AMERICA THE BEAUTIFUL

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From my ‘Welcome from the Artistic Director’, in the program for NYCGMC’s up-coming June performance, ‘America the Beautiful’:

America can be a puzzling place to grow up in – beautiful but ugly, simple but extremely diverse, a land of opportunity but also a land of barriers to that opportunity for so many of its citizens and its visitors.
We are bombarded with messages about America almost from the womb. These messages - from school, from our parents, our churches, mosques and temples, our communities but above all from the media - can have a profound affect on who we are, and the kind of American we become.
Growing up gay, we receive the same messages as everyone else, but we have a hunch, again almost from birth, that we are in some way profoundly different from other Americans. I remember well the moment in my late teens when, awestruck, I first worked out that being gay would affect everything: all my relationships with every man and woman I met; my career; my approach to religion and spirituality; my ethics and values; and on and on. As members of the LGBTQ community, our journey towards self-acceptance is often full of extra hurdles to jump, extra positions to take about who we are, in relation to an America into which we are not sure we completely fit. This provocative and whimsical show is about that journey.
I am also proud that this is also one of the most musically eclectic shows NYCGMC has ever done. There are very few programs on any stage, where Ray Charles will appear with Charles Ives, David Bowie will rub up against Eric Whitacre, and Pat Metheny will be next to Bill Gaither. NYCGMC has always taken choral singing forward into new territory, and we think, done fabulously well, any song can be sung by a choir. So whatever your stylistic bent, we hope you find something to excite you in our program, along with something familiar and enjoyable.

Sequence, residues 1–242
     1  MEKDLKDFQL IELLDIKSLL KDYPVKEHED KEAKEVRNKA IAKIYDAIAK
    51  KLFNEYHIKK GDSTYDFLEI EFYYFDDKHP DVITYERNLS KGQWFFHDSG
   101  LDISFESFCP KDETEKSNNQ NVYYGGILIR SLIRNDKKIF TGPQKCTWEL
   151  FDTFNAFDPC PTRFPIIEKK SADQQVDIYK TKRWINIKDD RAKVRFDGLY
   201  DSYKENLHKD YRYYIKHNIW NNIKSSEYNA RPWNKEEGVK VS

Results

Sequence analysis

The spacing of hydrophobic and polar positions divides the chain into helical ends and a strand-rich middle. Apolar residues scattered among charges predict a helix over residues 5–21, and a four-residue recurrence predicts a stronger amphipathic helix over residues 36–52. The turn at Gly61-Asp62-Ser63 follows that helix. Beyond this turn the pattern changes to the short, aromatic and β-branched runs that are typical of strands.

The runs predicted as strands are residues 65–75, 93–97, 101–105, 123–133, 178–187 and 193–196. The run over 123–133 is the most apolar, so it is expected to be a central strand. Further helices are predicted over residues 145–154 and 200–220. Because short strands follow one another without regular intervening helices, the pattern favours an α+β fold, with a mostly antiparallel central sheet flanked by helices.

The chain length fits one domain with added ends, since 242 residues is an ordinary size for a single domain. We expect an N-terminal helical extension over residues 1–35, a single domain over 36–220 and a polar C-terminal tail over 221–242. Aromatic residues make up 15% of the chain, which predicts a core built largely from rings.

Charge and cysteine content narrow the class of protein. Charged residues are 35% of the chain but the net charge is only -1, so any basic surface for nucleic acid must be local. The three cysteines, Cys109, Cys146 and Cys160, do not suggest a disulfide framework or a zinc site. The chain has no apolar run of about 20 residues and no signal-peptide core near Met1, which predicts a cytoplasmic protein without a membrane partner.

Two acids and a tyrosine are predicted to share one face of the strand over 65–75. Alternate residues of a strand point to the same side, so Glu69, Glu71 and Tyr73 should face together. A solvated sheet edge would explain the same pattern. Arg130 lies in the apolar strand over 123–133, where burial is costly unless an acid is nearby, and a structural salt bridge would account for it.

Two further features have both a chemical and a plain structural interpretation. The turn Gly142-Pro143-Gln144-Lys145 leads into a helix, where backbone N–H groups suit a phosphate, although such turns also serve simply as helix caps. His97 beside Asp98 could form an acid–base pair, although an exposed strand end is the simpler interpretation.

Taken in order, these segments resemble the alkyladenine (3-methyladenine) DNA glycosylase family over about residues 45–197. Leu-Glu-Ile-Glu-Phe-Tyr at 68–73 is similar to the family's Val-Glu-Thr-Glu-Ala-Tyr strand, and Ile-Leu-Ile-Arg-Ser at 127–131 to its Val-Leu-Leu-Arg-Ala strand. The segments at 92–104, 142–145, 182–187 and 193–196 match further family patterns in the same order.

As an organisation, NYCGMC remains hopeful about the progress we are making within America institutionally. On marriage equality and so many other issues, we can feel the tectonic plates shifting our way, here in the US and across the world. Yet as I write, a brutal murder in the Village and the uptick in recent hate crime is casting a momentary dark cloud over our image of New York as a safe and tolerant city that celebrates its LGBTQ communities.
At times like this it is important both to be vigilant, cautious and steely, and also to carry on as normal. Let’s take the long view and a focus on our successes. Through song, we have definitely made the world a better place in the last 33 years. So we keep singing.

Charles BealeComment